Pickerington, Ohio, is home to the American Motorcyclist Association, or AMA, Motorcycle Hall of Fame, which welcomes motorcycle connoisseurs into its extensive display of motorcycle and motorcyclist history.
The hall of fame has reopened its doors and offers a wide variety of historical motorcycles on its first floor, and it pays tribute to the widely-renowned motorcyclists that left a mark on the industry, according to the AMA Motorcycle Hall of Fame’s website.
For non-members, the museum charges $10 for adults, $8 for senior citizens and $3 for students, but the vast history depicted within the walls of the museum can be accessed free of charge for any AMA member.
Patrick Summers, a senior studying cellular and molecular biology, said he would expect a hall of fame museum such as the AMA Hall of Fame to be popular among people in Ohio and throughout the country.
“In the U.S. in particular, we tend to value our vehicles … and, more so, if not, the people attached to them,” Summers said. “It’s not surprising to me that there’s a museum like that.”
Summers said he sees the hall of fame as a significant reason to visit the Columbus area for those with a passion for motorcycles.
Gilbert Moore, program director of Ohio Valley Rider Training and a member of AMA, said he has visited the hall of fame many times over the years.
About 75% of the museum is permanent exhibits, and the other 25% changes very regularly, and it always has a variety of different niches on display, Moore said.
“They have exhibits on a collection of toy sidecars and motorcycle related toys,” Moore said. “You can go back in time and again, and there's always new stuff to see, which I value.”
The museum also shows the lifetime growth of motorcycle machinery, featuring models of some of the first ever motorcycles all the way up to modern day motorcycles that you could see on the street, Moore said.
“They've got motorcycles that are 100 years old,” Moore said. “One thing that’s fun to do is look at the development of the equipment.”
Kent Knudson, an AMA member and owner of Team Pentovarna, a vintage off-road motorcycle race team, has curated multiple exhibits for the hall of fame. He said he has a large collection of a variety of different motorcycle memorabilia with a specialization in vintage off-road models.
Over the years, Knudson said he has experienced a variety of different extensive and impressive displays, including one that features celebrity motorcycles as well as one called “Motocross America,” an exhibit depicting the sport of motocross and its extensive history that Knudson contributed to.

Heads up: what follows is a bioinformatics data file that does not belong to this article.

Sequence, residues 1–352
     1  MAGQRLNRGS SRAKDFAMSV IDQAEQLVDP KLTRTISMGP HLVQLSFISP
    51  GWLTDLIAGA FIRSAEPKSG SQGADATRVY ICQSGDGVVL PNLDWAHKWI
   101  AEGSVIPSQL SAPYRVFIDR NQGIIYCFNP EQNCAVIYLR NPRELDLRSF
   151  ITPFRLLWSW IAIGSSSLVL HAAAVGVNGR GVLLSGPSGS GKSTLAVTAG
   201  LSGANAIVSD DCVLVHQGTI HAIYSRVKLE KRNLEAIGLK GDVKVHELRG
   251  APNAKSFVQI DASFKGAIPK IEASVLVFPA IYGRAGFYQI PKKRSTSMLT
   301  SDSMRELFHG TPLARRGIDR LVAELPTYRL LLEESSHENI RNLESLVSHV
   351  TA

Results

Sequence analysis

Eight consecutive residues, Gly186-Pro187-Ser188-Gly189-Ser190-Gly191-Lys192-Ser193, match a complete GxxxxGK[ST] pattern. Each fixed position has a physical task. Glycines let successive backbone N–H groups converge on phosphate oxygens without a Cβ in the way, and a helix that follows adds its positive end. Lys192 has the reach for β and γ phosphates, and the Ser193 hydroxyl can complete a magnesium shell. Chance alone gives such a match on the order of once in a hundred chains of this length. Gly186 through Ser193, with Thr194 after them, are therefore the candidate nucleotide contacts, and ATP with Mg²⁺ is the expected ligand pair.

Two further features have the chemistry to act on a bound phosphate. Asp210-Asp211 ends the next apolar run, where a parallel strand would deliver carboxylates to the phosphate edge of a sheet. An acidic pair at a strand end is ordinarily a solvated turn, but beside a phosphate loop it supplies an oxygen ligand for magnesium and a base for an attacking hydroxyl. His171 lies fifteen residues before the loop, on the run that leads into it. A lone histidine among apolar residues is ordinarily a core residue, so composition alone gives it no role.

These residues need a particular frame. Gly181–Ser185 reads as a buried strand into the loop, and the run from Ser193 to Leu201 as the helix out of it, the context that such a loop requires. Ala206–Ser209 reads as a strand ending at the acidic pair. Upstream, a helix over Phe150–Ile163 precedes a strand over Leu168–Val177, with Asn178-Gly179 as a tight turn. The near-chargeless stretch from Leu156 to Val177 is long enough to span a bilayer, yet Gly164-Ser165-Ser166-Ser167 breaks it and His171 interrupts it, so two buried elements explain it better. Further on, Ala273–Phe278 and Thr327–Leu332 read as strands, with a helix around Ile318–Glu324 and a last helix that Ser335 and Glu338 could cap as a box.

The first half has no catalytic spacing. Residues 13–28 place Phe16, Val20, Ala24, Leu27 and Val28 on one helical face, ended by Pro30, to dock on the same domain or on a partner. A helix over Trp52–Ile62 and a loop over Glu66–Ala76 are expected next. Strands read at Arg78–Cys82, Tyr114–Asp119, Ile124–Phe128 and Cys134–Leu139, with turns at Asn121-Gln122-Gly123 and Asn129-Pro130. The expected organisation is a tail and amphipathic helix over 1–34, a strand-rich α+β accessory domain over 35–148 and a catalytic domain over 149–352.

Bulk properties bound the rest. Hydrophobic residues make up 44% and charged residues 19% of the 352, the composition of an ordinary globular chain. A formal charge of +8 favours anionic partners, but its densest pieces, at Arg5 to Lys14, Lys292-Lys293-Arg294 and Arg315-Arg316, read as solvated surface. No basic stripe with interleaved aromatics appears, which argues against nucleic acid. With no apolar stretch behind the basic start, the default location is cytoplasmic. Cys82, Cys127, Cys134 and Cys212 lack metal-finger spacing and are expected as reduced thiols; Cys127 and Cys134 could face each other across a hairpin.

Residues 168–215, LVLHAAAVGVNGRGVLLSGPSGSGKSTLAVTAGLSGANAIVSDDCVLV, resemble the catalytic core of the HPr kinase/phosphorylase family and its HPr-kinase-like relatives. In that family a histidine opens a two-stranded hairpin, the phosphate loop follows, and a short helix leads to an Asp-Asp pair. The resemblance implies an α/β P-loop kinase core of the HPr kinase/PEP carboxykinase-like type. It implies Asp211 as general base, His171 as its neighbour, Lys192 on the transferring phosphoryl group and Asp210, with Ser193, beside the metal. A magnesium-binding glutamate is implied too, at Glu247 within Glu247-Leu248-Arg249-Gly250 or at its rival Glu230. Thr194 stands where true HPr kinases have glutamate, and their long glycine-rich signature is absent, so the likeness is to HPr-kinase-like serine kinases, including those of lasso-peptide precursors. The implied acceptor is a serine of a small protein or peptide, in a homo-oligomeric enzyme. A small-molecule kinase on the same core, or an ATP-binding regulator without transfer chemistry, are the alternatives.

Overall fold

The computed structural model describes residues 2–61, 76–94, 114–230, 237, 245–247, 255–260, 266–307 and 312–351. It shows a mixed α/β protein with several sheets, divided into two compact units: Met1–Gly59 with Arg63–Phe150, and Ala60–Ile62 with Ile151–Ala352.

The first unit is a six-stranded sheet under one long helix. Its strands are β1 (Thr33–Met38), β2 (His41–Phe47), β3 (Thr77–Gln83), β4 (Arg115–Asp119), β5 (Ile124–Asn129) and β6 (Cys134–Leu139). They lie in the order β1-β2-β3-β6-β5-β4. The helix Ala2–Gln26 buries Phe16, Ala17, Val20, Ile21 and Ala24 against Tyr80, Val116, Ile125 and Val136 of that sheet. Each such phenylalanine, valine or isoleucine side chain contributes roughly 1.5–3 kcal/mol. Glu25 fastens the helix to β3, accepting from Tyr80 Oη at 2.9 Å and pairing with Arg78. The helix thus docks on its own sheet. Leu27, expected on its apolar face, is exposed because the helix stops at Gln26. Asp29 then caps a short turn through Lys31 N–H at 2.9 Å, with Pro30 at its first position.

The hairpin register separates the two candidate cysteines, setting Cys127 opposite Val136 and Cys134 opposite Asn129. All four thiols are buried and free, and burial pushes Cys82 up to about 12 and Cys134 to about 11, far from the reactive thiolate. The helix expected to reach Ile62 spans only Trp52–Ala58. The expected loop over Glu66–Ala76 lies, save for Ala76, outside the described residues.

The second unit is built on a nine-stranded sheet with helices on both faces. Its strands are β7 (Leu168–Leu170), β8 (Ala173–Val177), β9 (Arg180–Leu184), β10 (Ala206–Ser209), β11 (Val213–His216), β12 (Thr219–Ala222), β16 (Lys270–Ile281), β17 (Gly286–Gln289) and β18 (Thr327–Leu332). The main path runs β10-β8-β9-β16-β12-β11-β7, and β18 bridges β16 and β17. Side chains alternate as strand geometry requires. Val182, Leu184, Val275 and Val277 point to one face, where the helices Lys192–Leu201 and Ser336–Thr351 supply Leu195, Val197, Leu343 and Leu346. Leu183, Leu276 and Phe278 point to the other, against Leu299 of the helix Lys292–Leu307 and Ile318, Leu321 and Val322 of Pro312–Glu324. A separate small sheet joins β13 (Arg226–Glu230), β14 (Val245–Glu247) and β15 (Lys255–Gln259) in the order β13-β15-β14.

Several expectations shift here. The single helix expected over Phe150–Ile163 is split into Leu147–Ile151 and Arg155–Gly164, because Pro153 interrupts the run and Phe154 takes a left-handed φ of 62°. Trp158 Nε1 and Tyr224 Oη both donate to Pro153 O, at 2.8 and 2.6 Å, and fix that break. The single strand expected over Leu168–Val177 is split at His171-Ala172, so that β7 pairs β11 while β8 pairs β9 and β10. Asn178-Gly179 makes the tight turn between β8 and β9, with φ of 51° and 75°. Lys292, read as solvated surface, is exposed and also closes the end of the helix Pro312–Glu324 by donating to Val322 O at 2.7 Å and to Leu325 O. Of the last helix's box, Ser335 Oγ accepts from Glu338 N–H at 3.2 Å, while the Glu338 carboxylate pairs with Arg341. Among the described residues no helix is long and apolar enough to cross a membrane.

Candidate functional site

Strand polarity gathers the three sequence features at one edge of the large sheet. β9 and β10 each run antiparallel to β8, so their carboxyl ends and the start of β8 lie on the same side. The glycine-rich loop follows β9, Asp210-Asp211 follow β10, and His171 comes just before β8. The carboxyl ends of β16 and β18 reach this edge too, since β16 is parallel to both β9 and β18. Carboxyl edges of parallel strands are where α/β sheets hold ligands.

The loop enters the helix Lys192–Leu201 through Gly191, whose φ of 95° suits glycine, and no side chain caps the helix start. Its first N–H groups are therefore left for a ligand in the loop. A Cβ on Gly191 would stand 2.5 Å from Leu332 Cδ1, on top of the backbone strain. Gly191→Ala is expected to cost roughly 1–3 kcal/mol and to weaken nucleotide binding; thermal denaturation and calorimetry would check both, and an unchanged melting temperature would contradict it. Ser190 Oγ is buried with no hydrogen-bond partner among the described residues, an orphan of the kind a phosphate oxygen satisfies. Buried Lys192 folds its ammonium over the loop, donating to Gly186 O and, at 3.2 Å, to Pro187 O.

“They brought in motorcycles (and gear) from all over the world,” Knudson said. “It was the most elaborate and expensive exhibit that they've ever done.”
Knudson stressed the idea that, especially in recent years, the museum does not just primarily focus on the development of the vehicles, but rather, it incorporates the story behind the motorcycle and, more importantly, its rider.
“It's not about the motorcycle, it's about the motorcyclist — the person,” Knudson said.
Moore said the glorification of the motorcyclist equal to the motorcycle on display is a unique aspect of the museum that he appreciates.
“In some cases it’s about a story, and the motorcycle is just a prop,” Moore said. “There's a lot of good stories about people where the motorcycle is just the reason we're getting together.”
The Midwest region has always been the origin of motorcycle development during the Industrial Revolution, Moore said. Because of this, he said it makes sense that the AMA Motorcycle Hall of Fame Museum is located in central Ohio. Additionally, some of the biggest motorcycle dealers are still located in Columbus, Ohio.
Ultimately, Moore said the hall of fame fosters such an enjoyable experience because of the rich history it displays on its walls that correlates with the motorcycles sitting before the viewers.
“You just start reading the wall about what these people did and how they did it and where they were and when it happened,” Moore said. “Then you look at the machinery.”